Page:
Belt and road plan shouldn’t be globalisation with Chinese characteristics, ambassador says
Berlin’s envoy also urges Beijing to end ‘unsustainable’ gap between level of access it grants foreign businesses and the free trade it benefits from abroad
Beijing should let other nations join its belt and road globalisation drive on an equal footing rather than it being a China-centric campaign, Germany’s ambassador to China said.
“We welcome the ‘Belt and Road Initiative’ because it strengthens globalisation. But it is globalisation with Chinese characteristics, meaning it’s a Sino-centric project,” Michael Clauss told the South China Morning Post, referring to the trade and infrastructure plan spanning Asia, Africa and Europe.
“We want to participate in developing this project on an equal basis.”
He also urged Beijing to push for greater progress on market reforms, warning that a lack of reciprocity in access between China and the European Union would be unsustainable.
Clauss, who represents Europe’s biggest manufacturing economy, called into question the sustainability of China’s economic model, saying too much Communist Party control would hinder China’s push to upgrade its manufacturing sector.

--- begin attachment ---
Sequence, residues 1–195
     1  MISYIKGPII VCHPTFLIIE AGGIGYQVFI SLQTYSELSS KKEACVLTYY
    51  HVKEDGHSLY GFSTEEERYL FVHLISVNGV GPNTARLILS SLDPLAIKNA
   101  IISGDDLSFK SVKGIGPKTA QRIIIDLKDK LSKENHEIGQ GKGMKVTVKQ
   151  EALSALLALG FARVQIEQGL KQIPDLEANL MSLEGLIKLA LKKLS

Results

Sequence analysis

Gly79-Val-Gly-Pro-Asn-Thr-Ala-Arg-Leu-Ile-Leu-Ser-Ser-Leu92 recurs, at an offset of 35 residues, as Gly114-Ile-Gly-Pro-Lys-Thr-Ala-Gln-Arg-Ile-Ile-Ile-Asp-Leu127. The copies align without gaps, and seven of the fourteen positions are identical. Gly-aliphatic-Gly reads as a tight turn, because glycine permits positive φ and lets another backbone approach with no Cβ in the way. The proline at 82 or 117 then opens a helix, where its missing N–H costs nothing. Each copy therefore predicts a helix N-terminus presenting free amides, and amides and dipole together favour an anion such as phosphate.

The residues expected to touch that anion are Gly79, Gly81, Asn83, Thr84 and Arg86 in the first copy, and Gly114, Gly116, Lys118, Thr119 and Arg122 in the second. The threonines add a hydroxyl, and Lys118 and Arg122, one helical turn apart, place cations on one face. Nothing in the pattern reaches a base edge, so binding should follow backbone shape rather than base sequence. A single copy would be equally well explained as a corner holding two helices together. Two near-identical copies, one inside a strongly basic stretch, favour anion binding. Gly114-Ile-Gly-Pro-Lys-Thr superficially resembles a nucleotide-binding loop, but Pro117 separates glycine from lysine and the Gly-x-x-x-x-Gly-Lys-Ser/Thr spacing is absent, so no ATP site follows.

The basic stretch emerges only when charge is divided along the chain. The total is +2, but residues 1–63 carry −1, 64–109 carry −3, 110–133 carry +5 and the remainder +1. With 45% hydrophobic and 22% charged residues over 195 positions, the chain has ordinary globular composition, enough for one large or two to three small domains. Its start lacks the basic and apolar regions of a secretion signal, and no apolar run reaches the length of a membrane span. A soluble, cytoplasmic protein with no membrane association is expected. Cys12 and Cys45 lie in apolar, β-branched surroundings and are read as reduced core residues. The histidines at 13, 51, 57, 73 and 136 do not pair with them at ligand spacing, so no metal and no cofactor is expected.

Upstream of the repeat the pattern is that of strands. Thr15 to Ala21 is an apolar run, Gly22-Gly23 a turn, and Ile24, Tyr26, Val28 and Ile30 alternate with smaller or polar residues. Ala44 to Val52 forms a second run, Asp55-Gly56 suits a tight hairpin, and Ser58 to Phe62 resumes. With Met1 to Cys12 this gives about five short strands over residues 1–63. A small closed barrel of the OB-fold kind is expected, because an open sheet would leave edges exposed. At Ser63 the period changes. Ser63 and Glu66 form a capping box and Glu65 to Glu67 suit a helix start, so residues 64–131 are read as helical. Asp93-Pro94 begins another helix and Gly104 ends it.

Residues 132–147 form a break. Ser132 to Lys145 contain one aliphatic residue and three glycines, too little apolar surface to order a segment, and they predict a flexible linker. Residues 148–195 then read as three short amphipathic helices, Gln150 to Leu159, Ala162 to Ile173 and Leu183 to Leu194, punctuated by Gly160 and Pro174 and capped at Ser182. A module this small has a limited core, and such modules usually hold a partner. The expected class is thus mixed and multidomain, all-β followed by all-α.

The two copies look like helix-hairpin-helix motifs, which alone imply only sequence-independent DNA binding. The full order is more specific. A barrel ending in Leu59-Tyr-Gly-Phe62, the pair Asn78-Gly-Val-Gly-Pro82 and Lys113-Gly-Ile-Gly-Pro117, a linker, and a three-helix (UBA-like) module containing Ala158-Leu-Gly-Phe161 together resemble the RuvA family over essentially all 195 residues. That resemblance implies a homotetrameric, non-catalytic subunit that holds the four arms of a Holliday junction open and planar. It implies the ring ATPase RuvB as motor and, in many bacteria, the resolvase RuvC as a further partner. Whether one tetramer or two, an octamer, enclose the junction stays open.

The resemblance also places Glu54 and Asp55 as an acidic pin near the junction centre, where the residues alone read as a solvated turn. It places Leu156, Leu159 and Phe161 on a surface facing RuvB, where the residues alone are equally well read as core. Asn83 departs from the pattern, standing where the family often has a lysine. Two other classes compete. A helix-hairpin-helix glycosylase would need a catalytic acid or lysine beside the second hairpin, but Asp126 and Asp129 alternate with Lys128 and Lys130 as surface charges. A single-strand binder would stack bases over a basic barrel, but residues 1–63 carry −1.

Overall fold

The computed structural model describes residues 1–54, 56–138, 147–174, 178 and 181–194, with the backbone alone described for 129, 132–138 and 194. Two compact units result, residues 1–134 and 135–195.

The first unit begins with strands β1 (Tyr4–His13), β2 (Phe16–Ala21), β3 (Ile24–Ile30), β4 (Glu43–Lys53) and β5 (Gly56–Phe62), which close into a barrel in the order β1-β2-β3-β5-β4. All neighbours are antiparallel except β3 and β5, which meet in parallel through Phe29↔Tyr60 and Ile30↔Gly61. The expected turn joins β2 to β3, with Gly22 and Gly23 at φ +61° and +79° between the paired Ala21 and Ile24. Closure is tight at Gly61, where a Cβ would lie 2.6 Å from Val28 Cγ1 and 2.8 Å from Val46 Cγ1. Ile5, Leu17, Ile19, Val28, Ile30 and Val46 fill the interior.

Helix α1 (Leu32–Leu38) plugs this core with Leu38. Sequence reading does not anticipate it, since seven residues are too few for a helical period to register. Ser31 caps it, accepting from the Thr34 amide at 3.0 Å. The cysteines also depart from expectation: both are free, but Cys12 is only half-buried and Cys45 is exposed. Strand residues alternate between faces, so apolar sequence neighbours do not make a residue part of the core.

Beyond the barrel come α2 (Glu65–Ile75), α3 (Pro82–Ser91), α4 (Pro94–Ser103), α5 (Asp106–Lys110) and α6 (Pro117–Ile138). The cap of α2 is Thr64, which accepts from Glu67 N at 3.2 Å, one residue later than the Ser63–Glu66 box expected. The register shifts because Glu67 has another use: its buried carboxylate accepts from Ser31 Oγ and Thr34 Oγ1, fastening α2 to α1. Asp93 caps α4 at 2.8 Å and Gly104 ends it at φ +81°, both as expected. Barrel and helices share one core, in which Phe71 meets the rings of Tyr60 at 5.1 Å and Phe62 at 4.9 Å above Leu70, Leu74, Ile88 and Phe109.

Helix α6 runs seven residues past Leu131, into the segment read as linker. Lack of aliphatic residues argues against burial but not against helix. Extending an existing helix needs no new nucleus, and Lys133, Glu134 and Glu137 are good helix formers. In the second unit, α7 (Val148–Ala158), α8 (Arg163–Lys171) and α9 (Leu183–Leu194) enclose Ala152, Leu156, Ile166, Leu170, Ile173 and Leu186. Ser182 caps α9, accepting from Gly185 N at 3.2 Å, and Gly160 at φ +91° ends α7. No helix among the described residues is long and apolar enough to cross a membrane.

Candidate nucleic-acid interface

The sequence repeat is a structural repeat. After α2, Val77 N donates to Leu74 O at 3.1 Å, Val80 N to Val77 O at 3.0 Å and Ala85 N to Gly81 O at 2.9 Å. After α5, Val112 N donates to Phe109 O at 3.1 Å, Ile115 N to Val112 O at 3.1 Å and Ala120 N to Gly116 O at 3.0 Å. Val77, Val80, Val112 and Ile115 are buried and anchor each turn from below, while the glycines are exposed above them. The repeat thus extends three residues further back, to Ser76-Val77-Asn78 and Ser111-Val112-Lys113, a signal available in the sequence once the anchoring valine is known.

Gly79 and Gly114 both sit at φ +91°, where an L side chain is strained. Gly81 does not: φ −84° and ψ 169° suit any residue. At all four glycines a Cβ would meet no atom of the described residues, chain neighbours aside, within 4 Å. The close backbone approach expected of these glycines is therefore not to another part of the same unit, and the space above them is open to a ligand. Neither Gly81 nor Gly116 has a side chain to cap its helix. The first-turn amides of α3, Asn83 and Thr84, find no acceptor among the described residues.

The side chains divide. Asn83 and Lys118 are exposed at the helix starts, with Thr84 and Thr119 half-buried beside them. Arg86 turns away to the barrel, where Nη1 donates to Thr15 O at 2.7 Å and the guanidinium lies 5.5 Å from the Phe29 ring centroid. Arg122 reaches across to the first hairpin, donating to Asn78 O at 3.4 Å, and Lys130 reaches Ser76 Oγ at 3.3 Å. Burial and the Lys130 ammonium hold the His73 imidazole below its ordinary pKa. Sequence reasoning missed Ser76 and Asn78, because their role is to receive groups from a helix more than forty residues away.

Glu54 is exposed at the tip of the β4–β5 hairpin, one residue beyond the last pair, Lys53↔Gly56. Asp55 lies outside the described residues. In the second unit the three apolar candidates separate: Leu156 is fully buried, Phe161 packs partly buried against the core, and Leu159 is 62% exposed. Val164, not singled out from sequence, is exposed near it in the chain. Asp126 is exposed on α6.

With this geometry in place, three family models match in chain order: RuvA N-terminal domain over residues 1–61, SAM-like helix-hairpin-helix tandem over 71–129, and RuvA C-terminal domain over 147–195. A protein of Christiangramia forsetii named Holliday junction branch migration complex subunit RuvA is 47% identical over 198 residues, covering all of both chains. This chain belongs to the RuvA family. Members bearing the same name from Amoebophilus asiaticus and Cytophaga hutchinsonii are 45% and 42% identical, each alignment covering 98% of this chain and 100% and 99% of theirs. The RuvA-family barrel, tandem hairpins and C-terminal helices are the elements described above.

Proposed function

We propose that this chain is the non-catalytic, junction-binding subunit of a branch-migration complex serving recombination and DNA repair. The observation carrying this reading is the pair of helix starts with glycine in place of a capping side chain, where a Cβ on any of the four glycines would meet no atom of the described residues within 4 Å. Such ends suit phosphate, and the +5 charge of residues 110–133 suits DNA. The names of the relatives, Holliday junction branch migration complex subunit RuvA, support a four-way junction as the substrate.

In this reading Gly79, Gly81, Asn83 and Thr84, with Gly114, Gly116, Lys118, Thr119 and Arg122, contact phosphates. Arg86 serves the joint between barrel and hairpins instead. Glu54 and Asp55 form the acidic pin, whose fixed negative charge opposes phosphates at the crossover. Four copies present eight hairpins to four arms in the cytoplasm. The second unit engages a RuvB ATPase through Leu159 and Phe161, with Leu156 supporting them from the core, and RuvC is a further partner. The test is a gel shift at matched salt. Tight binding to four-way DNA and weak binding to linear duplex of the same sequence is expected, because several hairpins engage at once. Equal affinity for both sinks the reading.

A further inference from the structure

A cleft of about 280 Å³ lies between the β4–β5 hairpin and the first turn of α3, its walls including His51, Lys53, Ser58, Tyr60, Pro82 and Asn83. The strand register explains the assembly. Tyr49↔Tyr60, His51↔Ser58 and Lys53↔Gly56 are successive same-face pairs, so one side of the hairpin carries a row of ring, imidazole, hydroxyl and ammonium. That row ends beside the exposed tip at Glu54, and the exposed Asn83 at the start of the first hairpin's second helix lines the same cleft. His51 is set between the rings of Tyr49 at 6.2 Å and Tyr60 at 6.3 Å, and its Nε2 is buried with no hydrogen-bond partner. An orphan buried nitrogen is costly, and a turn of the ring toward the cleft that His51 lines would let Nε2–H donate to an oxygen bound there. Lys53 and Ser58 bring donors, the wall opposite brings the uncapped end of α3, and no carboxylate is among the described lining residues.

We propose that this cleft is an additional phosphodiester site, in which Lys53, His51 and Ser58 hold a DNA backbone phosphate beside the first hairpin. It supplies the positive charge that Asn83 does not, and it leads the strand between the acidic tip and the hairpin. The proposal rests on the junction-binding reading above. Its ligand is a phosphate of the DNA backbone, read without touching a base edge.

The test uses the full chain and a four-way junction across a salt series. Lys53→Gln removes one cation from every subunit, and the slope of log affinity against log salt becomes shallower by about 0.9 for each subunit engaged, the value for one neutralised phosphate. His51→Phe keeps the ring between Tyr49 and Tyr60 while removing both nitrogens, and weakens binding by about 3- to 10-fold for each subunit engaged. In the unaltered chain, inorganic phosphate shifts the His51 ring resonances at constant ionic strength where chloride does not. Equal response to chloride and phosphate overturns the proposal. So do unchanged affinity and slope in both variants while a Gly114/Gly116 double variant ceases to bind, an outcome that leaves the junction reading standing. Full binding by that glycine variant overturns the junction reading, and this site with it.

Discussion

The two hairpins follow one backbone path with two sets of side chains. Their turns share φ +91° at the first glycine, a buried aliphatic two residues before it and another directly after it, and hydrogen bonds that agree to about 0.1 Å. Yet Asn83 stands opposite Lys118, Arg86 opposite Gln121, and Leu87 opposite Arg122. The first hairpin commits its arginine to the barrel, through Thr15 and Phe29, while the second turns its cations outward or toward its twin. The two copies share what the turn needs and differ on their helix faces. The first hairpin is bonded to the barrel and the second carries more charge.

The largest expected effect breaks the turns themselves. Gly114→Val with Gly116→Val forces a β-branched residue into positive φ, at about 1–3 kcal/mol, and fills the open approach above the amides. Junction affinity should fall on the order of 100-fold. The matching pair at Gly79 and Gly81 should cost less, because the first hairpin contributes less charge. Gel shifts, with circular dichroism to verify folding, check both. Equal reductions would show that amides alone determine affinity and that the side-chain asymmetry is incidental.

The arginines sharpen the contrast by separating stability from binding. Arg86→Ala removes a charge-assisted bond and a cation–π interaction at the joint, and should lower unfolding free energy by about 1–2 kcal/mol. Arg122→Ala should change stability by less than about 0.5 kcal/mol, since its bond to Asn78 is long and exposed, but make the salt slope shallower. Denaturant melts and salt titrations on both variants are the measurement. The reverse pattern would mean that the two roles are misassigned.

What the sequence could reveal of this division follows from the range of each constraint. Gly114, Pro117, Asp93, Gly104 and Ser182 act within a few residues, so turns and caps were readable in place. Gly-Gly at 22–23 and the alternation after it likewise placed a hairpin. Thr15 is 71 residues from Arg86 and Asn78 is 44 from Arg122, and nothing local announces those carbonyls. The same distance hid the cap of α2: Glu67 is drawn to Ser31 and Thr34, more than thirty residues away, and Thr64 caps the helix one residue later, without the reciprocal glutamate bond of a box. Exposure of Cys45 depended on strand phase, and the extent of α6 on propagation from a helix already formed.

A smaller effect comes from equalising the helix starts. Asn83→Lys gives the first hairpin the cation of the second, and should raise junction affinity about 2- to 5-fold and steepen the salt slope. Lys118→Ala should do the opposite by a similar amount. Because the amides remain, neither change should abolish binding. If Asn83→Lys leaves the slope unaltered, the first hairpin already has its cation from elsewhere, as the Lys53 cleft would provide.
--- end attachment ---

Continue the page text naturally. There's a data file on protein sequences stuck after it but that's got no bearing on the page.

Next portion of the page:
“We have heard a lot of promises, but apparently not much has been achieved in terms of actual implementation of reforms,” Clauss said.
China’s ruling party is set to hold a twice-a-decade congress later this month during which an announcement will be made on a new leadership line-up as well as the policy direction for President Xi Jinping’s second term in office.
The European Union Chamber of Commerce in China – which has said its companies have been “suffering from accumulated promise fatigue” from the Chinese authorities – is one of the foreign business groups urging Xi to follow up his anti-protectionism speech at the World Economic Forum in Davos in January with action by opening up the country’s market to foreign businesses and relaxing restrictive government policies.
Chinese buyouts of Europe’s critical and hi-tech businesses have become one of the most contentious issues among the bloc, in particular in Germany, France and Italy.
In Berlin, the takeover of German robot maker Kuka by China’s biggest home appliance maker Midea Group has stirred controversy amid fears that the country’s key technologies will fall into foreign hands, while China protects its own companies against offshore takeovers.
Last month, European Commission President Jean-Claude Juncker floated the proposal of screening foreign investments to avoid takeovers in Europe’s strategic sectors.
“Germany and the EU as a whole are in favour of free trade and we are completely open to foreign investments, including from China,” Clauss said. “However, there is little reciprocity on the Chinese side. There is now a growing debate in Europe about whether this lack of reciprocity is sustainable.
“No one expects full reciprocity overnight, but we would like to see China starting to move in this direction.”
While it would take time for the bloc to make a final decision on what to do, Clauss said “improvement on market access by the Chinese government was likely to influence this debate”.